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krisek Mutianyu - A travel report by Krys
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Mutianyu,  China - flag China -  Beijing
6829 readers

krisek's travel reports

The Great Wall of China. Mutianyu Section.

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In Mutianyu, the section of the Great of Wall of China has been partially restored, but if one goes far enough, the completely unrestored and overgrown by the vegetation sections of the wall is up for grabs and exploration, or rather admiration.


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The Great Wall of Mutianyu is one of the three very popular sections of the wall, frequently visited by tourists. Both local and foreign. It can therefore get crowded, particularly at the weekends. In the summer, on a weekday, it can be relatively empty. It was when I visited. Visibility was bad, due to smog, or a combination of haze and something else, which might have been a factor for poor tourist turnout. However, I still expected more people walking, and sometimes climbing, this magnificent structure.

The wall was constructed over a few centuries to keep the Mongols from invading China. And it failed spectacularly! If I were spectacularly cynical, I would have said that the wall might have been mankind's largest project failure, which did not deliver its expected benefits. Anyway, the wall is also one of our planet's greatest sights. And contrary to the massively exaggerated claim by the Chinese, it is most definitely not visible from the Moon! It is not visible from the orbit either - Google Maps are here to prove it.

Well, before I travelled to China, I could not decide, which section of the wall I should visit. I planned at least two side trips from Beijing to see the Great Wall, and a few days of careful analysis, enquiries and investigation, I shortlisted two spots, one of which was obviously Mutianyu. The other one was Badaling or Samatai.

Favourite spots:
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I decided to get a tour from my hostel to the Mutianyu section, as the price was quite good - ¥230 (€23) and I could pay with the credit card. I wrestled a little with the idea, as I generally do not like organised tours that much. Yet those organised by youth hostels tend to be better as young travellers go on them, usually. The scheduled departure was 10:30 am, which was rather late for taking pictures, but it meant I could have a lie in after a late night socialising with the hostel guests from Sri Lanka, Spain, France, Argentina, Britain, and Malaysia. In the morning, to my great surprise, I found out that the tour, since it was Tuesday, was just for me and a lady from South Korea. We travelled in a nice limo driven by a crazy (in Chinese: normal) driver.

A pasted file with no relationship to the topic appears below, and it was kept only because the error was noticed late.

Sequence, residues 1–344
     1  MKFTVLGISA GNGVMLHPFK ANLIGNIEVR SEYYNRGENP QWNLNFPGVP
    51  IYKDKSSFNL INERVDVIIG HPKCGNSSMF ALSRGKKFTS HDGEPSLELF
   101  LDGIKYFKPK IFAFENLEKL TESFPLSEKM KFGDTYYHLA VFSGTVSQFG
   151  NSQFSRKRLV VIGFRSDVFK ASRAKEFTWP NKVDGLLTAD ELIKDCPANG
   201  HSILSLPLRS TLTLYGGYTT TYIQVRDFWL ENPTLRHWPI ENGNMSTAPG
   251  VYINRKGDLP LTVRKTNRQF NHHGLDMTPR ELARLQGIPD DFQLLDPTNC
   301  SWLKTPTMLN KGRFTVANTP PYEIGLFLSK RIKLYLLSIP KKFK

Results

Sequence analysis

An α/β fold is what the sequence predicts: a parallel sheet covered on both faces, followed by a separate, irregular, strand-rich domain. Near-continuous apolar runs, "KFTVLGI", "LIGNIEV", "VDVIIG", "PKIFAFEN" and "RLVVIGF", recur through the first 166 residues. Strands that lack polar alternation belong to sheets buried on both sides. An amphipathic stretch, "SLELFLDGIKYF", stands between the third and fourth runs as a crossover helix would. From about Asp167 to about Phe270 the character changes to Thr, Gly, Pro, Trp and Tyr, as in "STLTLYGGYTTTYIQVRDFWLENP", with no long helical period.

I got to the wall at noon and had two hours to climb the wall. It was a bit short, but since weather was not great for taking pictures, I did not cry. I knew I was going to Badaling on my own, probably on Friday, so kept it cool.

What's really great:
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The guide was rather blaze and not particularly helpful. I had to finally disagree with him that the Great Wall of China was not visible from space, actually. He did not argue. Surprisingly! Also, he said the section of the wall to the right of the entrance was more scenic and less crowded than the left side. That was also not true. The right side was shorter but steeper and, as a bonus, had a section closed for tourists, beyond which no restoration work had been done. It was not closed to me, and I ventured a few yards into the wild section of the wall, as it was overgrown with bushes full of bugs flying around, and it crumbled as I stepped on it.

I liked the left side better though. It was more scenic, longer, and easier to climb. Actually, if I went on my own, I would have gone up with the cable car (the cabin car), walked the length of the wall from left to right, and then gone down by the other cable car (the seat on rope) or taken the skid (a bobsleigh-like on a metal chute).

Sights:
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The unrestored sections of the wall in Mutianyu (far right from the entrance), was a completely different sight and different atmosphere altogether. I would not encourage anyone to break the law or damage the wall by walking on it, but if one decided not to ignore the multitude of signs forbidding access (none of them were fool-proof though), the authentic parts of the wall are still visible in the distance. And immediately after the end of the visitors' path. I would probably be too sheepish to trespass, but a couple of visitors told me to try it and be careful with my steps.

I expected many more people to be visiting the Wall. There were not that many at all. And the local merchants were not as aggressive as some reports had stated. Had weather been better, and had I drunk less beers the night before, it would have been a perfect day. Some sections were really steep. Sweat of the size of chicken eggs was dripping from my forehead and nose. I wish my sunglasses had automatic wipes!

Accommodations:
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It was possible to camp (wild camping only, as I am not sure it was totally legal) on the remote parts of the wall, and I met a few very happy people, who did that. But I decided to stay overnight in Beijing.